The Clinical Psychology Ph.D. Program
Our program integrates education and training in traditional clinical psychology with innovations from community psychology. Our core faculty is composed of both clinical and community psychologists, and our adjunct faculty are drawn from accomplished clinicians in practice in the community. The goal of the program is to educate students in the professional application of psychological science and methods to the amelioration of human problems through clinical practice and applied research. In addition to traditional course work, the program offers prospective students supervised experiences in applied service settings such as clinics, schools, public and private mental health agencies.
One of the features of the program is its public service orientation, which prepares students to work with underserved and disadvantaged populations and agencies that serve them. The program teaches students to develop and implement effective preventive and clinical interventions based on individual, group, and community mechanisms of change.
Students can gain expertise in a number of clinical areas including psychological assessment, various cognitive-behavioral approaches to psychotherapy, child-peer interaction, treatment and prevention of depression, self-help groups, and high risk behavior in adolescents. Students are also exposed to theories and practice of consultation, prevention, supervision, and program development and evaluation.
An integration of theory, research, and practice is emphasized. Research and practicum experiences receive intensive individual supervision. Graduates are prepared to pursue professional careers in public or private service organizations and are equipped to enter academic/research settings. The program specifies goals and objectives that are intended to promote the development of academic and clinical competencies.
Applicants are not required to have an undergraduate degree in psychology, but must have completed courses in general psychology, psychological statistics, and experimental psychology. Applicants also are required to have completed a course in History and Systems of psychology with a B- or better. Admission to the program requires a minimum GPA of 3.00, submission of official Verbal, Quantitative, and Analytical GRE scores, three letters of reference, and a career/goals statement. Application materials must be submitted by December 1st. Please follow the directions for application provided on the Applying for Graduate Study page.
Wichita provides a rich setting for our training program. As a public university, Wichita State has long-established ties to the core leadership of our human service organizations, our medical and educational training facilities, and business. These connections provide excellent resources for outstanding collaborative university-community educational and training experiences. Learn more about Wichita.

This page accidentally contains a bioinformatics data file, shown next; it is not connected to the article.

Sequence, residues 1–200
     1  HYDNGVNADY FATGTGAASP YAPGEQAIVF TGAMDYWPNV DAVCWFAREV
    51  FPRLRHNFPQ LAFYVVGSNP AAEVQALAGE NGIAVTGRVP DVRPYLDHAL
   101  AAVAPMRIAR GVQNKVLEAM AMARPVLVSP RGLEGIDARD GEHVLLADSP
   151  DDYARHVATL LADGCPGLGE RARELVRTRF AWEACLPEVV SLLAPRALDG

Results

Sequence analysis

The clinical program was re-accredited by the American Psychological Association in 2015 for 7 years.
Office of Program Consultation and Accreditation
American Psychological Association
750 First Street, N.E.
Washington, D.C. 20002-4242
The Psychology Training Clinic is based in the psychology department and is a primary site for clinical practicum training. The Clinic has facilities for individual and group research. Clientele served include persons affiliated with WSU and the greater Wichita community. The Clinic Director provides individual and group supervision complemented by supervision by other members of the core program faculty. We also have a number of carefully selected external practicum training sites and additional clinical supervision is provided by adjunct faculty and other on site supervisors. Faculty maintain working relationships with a number of government and community agencies which provide a source for research and supervised clinical and community practica. These agencies which serve the approximately 500,000 people in the Wichita metropolitan area include the public school system, Head Start and Early Head Start, University of Kansas School of Medicine-Wichita and regional hospitals, local and state departments of health and mental health, private clinics, and many not-for-profit social service agencies.
The curriculum is designed to blend the scientist-practitioner and action-researcher models of education and professional activity. It has been designed to provide a sound foundation in core areas of psychology, a broad and general preparation for research and professional practice, and an opportunity to gain knowledge and expertise in areas of interest and relevance to the student’s career.
In addition to the required core curriculum students may take electives within and outside of the Psychology Department. There are many options available for elective educational experiences including the School of Education, School of Health Professionals, University of Kansas School of Medicine-Wichita, and the Hugo Wall Center for Urban Studies.
The department does not offer a terminal Master’s degree, nor does it admit students to a Master’s program. After students have successfully completed their Foundation courses, their Research Methods Courses, Pre-doctoral Research, including a Second Year Project (i.e., master’s thesis) and an additional six hours they may make application for receipt of the M.A. degree. See the Psychology Graduate Program Handbook (being updated at the moment) for more information.